How You Can Buy a Box of Cookies From 9-Year-Old Indianapolis Girl Scout Who Was Shot

Shanita Miller sits with her daughter Sinai Miller, 9, as she heals from being shot in the leg while she and her two young sisters were preparing to sell Girl Scout cookies in their Indianapolis neighborhood Feb. 3, 2014. (Photo: Matt Detrich/The Star)
Shanita Miller sits with her daughter Sinai Miller, 9, as she heals from being shot in the leg while she and her two young sisters were preparing to sell Girl Scout cookies in their Indianapolis neighborhood Feb. 3, 2014.
(Photo: Matt Detrich/The Star)

Nine-year-old Sinai Miller had been waiting all day to get her hands on her Girl Scout Cookies so she could start selling them door-to-door around her apartment complex.

Sinai (pronounced sih-NYE) had talked about the cookies when she woke up Tuesday. She had talked about the cookies when she got home from school.

After finishing her homework, she pointed out to her mother that it was almost 4:30, the time she was supposed to meet in the complex’s clubhouse with the other girls to pick up cookies and start knocking on doors.

But she never made it to the pickup.

Just as Sinai took a few steps outside her apartment, with one of her sisters next to her, the gunfire started.

Her mother, Shanita Miller, was just inside the door, zipping up the coat of another daughter. When she heard the shots, she pushed two of her daughters back into the apartment. But Sinai darted past all of them in silence.

She went further inside the apartment and then started hollering.

“Mama, mama, mama. It hurt. It hurt. It hurt.”

Shanita Miller asked her what hurt. And then she pulled up the girl’s pant leg. Sinai was covered in blood.

The wound from a stray bullet — its source still unknown to police — missed bone and artery, entering and exiting the girl’s calf without doing major physical damage. After a trip to the hospital, Sinai was back home in her own bed, her calf wrapped with thick gauze.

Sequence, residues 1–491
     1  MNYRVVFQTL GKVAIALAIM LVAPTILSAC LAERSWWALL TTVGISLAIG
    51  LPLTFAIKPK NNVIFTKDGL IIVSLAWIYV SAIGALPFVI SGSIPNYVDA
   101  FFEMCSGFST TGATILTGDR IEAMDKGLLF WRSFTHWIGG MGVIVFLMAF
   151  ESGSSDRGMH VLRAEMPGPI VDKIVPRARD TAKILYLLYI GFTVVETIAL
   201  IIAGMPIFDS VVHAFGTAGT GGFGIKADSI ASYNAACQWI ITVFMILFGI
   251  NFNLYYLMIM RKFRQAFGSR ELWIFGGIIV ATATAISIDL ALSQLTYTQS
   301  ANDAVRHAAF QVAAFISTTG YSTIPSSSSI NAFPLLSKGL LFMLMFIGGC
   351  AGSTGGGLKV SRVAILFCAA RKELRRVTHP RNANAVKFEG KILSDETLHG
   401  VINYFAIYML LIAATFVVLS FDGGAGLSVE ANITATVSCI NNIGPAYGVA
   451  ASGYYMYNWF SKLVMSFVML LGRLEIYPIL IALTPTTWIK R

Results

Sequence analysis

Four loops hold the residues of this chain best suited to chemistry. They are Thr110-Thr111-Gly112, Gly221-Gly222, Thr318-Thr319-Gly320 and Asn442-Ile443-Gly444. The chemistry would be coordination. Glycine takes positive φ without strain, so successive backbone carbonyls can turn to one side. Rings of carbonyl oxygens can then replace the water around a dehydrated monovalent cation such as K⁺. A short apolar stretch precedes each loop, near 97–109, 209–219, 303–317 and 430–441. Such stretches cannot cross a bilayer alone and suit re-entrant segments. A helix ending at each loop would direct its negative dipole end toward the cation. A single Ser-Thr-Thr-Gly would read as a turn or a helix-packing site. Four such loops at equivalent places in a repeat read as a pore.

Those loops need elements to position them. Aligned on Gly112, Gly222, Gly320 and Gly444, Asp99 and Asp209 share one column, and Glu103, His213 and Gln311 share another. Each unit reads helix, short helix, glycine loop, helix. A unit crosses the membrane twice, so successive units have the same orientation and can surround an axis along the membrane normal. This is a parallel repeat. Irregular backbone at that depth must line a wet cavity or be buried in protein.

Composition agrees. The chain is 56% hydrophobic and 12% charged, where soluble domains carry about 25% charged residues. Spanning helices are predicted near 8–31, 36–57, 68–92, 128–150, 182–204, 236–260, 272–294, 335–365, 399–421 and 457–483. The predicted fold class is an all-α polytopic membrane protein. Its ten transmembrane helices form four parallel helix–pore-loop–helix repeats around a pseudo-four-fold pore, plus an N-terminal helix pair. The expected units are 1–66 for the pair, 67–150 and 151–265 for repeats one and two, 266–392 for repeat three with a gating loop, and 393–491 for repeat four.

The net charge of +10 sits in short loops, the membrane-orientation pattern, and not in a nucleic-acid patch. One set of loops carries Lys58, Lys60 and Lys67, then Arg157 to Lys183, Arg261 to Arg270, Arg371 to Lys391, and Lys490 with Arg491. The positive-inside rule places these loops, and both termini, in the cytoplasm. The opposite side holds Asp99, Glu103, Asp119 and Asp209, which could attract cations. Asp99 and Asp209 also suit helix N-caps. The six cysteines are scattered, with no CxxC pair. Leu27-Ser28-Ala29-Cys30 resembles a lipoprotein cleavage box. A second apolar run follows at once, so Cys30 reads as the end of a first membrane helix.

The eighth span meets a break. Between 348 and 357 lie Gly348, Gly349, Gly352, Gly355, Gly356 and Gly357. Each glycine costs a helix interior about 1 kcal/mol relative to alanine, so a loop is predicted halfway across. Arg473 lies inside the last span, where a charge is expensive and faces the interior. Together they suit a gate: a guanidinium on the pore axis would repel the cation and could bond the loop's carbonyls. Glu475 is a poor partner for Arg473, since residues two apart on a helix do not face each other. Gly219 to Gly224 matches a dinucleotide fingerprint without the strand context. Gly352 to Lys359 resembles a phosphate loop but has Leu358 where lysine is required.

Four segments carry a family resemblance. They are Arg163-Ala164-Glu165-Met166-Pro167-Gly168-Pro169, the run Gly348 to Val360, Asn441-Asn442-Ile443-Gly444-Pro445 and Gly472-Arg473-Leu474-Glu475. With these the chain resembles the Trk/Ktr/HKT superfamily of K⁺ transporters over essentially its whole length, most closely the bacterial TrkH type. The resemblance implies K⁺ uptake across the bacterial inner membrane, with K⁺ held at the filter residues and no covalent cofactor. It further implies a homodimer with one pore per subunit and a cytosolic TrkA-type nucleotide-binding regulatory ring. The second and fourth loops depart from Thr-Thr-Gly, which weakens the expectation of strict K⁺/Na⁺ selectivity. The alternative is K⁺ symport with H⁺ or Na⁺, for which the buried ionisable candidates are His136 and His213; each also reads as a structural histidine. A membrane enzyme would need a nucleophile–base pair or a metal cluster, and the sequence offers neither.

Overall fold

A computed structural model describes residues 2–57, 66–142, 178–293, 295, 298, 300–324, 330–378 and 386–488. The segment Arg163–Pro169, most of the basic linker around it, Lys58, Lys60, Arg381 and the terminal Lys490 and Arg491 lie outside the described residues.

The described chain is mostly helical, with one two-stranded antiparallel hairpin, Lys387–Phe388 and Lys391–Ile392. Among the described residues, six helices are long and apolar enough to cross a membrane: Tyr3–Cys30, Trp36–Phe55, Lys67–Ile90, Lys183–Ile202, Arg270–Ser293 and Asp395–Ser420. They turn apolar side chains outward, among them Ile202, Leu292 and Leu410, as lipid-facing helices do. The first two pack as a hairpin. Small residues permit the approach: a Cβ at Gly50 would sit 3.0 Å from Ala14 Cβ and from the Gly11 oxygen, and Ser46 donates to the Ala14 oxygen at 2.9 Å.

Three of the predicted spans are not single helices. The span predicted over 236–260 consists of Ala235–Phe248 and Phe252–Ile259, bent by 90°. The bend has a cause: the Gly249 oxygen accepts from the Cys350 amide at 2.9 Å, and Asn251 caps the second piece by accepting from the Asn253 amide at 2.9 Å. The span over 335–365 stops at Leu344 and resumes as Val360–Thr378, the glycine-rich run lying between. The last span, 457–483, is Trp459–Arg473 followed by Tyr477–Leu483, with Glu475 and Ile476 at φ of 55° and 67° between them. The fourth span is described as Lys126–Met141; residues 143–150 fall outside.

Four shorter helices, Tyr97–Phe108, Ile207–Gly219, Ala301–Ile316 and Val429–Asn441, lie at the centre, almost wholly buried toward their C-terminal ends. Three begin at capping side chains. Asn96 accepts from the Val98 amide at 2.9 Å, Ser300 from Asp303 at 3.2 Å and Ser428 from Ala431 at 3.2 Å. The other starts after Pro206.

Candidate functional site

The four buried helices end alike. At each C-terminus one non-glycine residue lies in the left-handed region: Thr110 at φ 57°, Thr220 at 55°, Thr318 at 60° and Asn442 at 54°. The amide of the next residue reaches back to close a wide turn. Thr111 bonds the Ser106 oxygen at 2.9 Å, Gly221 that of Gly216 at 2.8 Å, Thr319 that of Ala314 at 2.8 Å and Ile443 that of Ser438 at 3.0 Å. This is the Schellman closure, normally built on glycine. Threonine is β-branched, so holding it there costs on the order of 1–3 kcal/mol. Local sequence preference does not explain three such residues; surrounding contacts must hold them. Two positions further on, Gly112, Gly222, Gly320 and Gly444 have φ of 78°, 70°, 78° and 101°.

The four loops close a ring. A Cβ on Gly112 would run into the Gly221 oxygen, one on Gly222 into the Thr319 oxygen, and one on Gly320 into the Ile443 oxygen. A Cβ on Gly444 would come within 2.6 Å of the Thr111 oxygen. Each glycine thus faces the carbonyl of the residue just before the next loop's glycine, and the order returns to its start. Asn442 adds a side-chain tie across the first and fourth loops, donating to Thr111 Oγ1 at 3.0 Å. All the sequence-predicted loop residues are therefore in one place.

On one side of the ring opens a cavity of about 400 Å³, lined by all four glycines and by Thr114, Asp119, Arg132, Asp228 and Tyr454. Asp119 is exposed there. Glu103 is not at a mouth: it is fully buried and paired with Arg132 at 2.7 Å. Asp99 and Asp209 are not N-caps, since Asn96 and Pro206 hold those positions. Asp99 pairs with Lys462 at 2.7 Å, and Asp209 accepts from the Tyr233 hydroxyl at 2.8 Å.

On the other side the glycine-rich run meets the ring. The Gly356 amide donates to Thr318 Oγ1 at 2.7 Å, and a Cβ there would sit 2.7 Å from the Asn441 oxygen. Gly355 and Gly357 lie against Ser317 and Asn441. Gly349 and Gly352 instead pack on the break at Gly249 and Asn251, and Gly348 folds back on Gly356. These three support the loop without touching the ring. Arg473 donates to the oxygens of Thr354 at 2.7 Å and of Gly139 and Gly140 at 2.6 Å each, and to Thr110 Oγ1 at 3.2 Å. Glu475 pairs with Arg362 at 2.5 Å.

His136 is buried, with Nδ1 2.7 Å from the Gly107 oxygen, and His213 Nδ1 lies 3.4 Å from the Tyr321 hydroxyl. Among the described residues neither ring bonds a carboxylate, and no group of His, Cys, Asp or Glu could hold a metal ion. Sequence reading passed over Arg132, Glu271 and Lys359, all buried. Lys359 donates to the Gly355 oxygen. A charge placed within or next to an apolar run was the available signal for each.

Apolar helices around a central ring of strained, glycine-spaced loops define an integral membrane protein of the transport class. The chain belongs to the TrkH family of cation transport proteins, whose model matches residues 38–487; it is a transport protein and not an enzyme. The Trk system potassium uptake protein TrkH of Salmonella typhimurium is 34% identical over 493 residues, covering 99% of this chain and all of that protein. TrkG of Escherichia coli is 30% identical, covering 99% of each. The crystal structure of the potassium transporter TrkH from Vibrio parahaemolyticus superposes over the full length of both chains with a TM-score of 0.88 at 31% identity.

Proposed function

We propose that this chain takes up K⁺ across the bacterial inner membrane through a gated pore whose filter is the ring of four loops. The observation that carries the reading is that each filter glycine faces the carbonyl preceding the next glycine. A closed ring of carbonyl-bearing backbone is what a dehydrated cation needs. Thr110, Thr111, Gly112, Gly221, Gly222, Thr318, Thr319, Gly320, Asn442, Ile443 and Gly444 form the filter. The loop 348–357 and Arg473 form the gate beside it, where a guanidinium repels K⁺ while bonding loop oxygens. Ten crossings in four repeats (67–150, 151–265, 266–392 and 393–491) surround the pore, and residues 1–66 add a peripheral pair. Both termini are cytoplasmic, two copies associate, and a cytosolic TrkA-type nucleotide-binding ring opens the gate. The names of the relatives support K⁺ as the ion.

It is believed to be the first time in the United States — and certainly in Indiana — that a Girl Scout has been shot while involved in a cookie sales project, according to the Girl Scouts of Central Indiana.

“We cannot complete our mission to build girls of courage, confidence and character who make the world a better place when they are afraid to play in their own neighborhoods,” said Deborah Hearn Smith, chief executive of Girl Scouts of Central Indiana.

The Girl Scout council, which operates troops in 45 counties, has created a Web page so Sinai can continue to meet her cookie goals while recuperating.

Those who wish can reserve a $4 box online or by calling (877) 474-2249; you’ll be contacted for payment after filling out the online form. If you live outside Central Indiana, you’ll have to pay shipping to get the cookies or you can donate them to Operation: Cookie Drop for delivery to active and retired military in this area.

Looking for a way to give back? When stocking up on cookies donate a box to Operation Cookie Drop! http://ow.ly/i/8n5GE

As of late Thursday, more than 2,000 boxes had been purchased in Sinai’s name.

In wake of the violence, Sinai has been left with many questions.

“What did I do wrong?” she asked her family. “Why did this happen?”

The answer to the first question — nothing — is obvious.

Sinai is a kid who just stepped outside her door. Beyond that, Sinai is an A- and B-student as a third-grader at Fox Hill Elementary, her mother said. She likes to help her younger sisters with their schoolwork. She’s gregarious and kind.

After the shooting Sinai’s biggest concern — aside from the pain — was about the field trip, a trip to a roller rink, that she would be missing Friday, Miller said. Sinai asked if she might go another time.

The why question is more difficult.

Click here to continue reading.

SOURCE: USA Today / The Indianapolis Star – Robert King

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